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Starting Treatment

Jul 11, 2004

I am looking for some input regarding treatment options.

I am 44 y/o, living a healthy and active lifestyle. I have been under physician supervision since August 1999, shortly after my positive diagnosis. Since then, I have not been on any meds as my CD4's and viral load has been well within margins. As of my recent lab results from this April, my CD4 was 358 and my viral load was 153,000 (highest load to date-previous high was 48,000). These results followed an extremely difficult and stressful time in my life. My doctor and I agreed we would review additional lab results in another month and determine what course to take at that time.

At the end of last year I have moved and am under a different physician's care. In conversations with my new physician, I know he differs in opinion from my previous Doctor regarding treatment plans. My previous Doctor would have put me on Trizivir alone. My new doctor originally suggested Sustiva and Combivir. Now, in my most recent office visit, while discussing the results of this lab work, the doctor asked me to think about different regimens that would work within my lifestyle, which may differ from his original thought.

Frankly, now I'm very confused... I do plan on starting medication treatment when the doctor and I agree the time is right, and by the results of my most recent lab tests would indicate that time may be sooner than later. So my question to you is, what type of program is the best? I'm the type of person that can adhere to any regimen as necessary. Although, my lifestyle is active and my job causes me to travel frequently and internationally, I don't foresee difficulty with any regimen. The confusing part is the conflicting information I have received from my HIV physicians about medications.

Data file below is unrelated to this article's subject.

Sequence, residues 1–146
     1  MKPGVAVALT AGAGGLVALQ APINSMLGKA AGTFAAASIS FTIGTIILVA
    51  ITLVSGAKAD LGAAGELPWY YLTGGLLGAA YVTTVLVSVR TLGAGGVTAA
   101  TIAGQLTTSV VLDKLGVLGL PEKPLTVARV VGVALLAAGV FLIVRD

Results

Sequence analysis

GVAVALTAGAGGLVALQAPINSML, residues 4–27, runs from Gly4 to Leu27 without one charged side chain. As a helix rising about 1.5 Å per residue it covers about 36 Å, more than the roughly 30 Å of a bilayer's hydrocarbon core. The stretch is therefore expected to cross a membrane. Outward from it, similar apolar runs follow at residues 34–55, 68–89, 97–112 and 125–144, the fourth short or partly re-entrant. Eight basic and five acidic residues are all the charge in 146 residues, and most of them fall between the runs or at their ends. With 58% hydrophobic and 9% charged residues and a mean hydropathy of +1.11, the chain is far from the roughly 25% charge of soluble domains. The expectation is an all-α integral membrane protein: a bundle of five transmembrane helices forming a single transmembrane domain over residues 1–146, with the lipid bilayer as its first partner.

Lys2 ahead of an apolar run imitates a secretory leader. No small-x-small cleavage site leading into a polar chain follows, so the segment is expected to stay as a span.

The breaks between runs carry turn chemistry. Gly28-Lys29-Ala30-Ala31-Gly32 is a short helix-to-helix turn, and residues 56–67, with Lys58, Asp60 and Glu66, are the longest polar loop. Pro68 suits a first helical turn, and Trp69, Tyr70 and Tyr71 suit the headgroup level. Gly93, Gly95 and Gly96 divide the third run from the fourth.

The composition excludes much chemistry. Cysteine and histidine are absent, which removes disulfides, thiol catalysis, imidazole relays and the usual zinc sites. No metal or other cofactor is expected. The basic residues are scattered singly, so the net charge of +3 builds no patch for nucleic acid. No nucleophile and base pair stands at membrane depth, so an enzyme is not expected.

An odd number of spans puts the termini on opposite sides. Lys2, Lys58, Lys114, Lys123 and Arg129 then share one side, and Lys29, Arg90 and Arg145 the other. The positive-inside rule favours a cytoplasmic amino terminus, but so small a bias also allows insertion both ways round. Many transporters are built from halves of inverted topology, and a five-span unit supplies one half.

I truly want to approach this in the best way possible. Your input will be valuable to me.

Thank you.

Response from Dr. Pierone

Your confusion is understandable. We go to experts for authoritative and definitive recommendations and it is quite unsettling when we get two different answers. I remember when I was in medical training as an intern and was on teaching rounds with our team and an Infectious Disease attending. Our question was, what antibiotics do we use to treat this patient with peritonitis? He proceeded to tell us about 5 different combinations that we could use for this patient, and why each should work. But this was very unsatisfying to us. We were like, enough already, just tell us the BEST one (so we can order them and go get some sleep). We were convinced that there had to be one best approach and that he was somehow holding out on us. Years later, when I was teaching interns myself, I remembered my previous desire for certainty, so I tried to offer one "best choice" for treatment of peritonitis. Of course, by then I knew full well that there were at least 4 other equally good alternatives.

It is the same deal when it comes down to initial choice of antiretroviral therapy. There is simply not one right answer. Why not? New agents keep coming out that add to the potential choices and new studies of the various combinations are being added to our knowledge base. So the target keeps moving (but this is a good thing).

Both approaches that were suggested to you are acceptable, as are many others. The original suggestion was Trizivir alone. This approach has fallen out of favor because of newer studies showing that this regimen underperforms Sustiva-based therapy in terms of the percentage of patients that get to an undetectable viral load. However, this outcome is not the only thing that matters, and many physicians still use Trizivir alone. It is a simple regimen and there are many treatment options available if it fails. Combivir and Sustiva may still be the most commonly prescribed regimen in the United States. Why? Because is has an excellent track record and is generally well tolerated. More recently, many physicians are going towards a once daily regimen with Viread, Epivir, and Sustiva because of studies showing excellent results with this regimen.

In order to approach your disease in the best way possible you should stay well informed and realize that there are many very good approaches. Also, that the original regimen you eventually begin will change in the future as we develop better distinctions regarding antiretroviral therapy. Thanks for posting and good luck!

Nausea and breathing problems
how low can cd4go during primary infection before treatment required

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